Is the IoT industry making the same mistakes again?
The Car Industry
Especially all hacked cars made it into the latest newsflashes from online news media to the biggest media broadcasters in the world. Some examples were the Fiat Chrysler where 1.4 million cars were called back after the vendors Jeep hack and a Corvette where the brakes of the car could be remotely controlled. These examples confirmed the problems related to the whole car industry described in our former blog (e.g. The BMW problems).
The Fitness Industry
Completely different but fully related to the Internet of Things are the new wristbands, step counters or mobile fitness devices and the data they gather in-the-cloud and on the device and your smartphone. Interesting was the test performed by AV-Test, a worldwide well known independent test organization for security products. This test tried to measure how the private fitness data is transferred from the devices to the smartphones or the cloud and how secure the apps of fitness trackers are. You can find the full test here. These new fitness wristbands are very popular and it is already a trend; all activity results are recorded and analyzed in an app on the user’s smartphone. This means it is possible to immediately see how well the user performed. The question remains, however, is the data transported securely from the wristband to the user’s smartphone? Or is it possible for someone to intercept this link, copying or even manipulating the data? Or could the app itself be manipulated? Those questions were investigated, where 9 fitness wristbands or trackers together with the corresponding Android apps were monitored in live operation. How well performed those trackers in terms of security? And what about eavesdropping? (more…)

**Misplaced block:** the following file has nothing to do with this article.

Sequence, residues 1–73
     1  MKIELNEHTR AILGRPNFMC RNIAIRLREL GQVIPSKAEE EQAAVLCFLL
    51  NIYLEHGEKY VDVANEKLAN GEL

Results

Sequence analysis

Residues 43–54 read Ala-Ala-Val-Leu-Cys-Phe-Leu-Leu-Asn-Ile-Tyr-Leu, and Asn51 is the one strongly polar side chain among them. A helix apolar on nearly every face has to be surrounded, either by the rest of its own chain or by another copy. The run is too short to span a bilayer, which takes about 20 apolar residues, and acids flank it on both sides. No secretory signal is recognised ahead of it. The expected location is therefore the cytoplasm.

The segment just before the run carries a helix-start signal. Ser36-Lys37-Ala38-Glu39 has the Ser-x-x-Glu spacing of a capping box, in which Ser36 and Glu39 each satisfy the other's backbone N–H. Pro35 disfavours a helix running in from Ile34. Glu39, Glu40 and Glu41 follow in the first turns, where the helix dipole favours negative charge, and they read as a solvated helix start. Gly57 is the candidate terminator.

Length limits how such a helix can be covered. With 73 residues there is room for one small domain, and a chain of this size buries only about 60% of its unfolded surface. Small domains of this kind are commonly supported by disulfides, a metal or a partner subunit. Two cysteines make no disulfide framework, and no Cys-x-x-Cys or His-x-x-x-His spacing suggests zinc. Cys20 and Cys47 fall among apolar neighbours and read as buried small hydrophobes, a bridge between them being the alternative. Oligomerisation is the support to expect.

A balancing act between usability and security
The Internet of Things (IoT) gives everything an IP address so that everything can communicate with more or less anything and anyone else. The benefits and possibilities are almost infinite. But aren’t these technological developments evolving rapidly, maybe too rapidly? Smart TVs, gaming consoles, tablets, smartphones and cars can eavesdrop on us. Cameras in your laptop, smartphone and smart TV can watch us when we don’t want them to. Samsung is amending its user agreements to reassure people about the voice control on its smart TVs. BMW is rolling out a software update for the ConnectedDrive system in 2.2 million cars to prevent hackers easily being able to open the doors of the cars. These are the first signs that possibly too much has been started without reflection.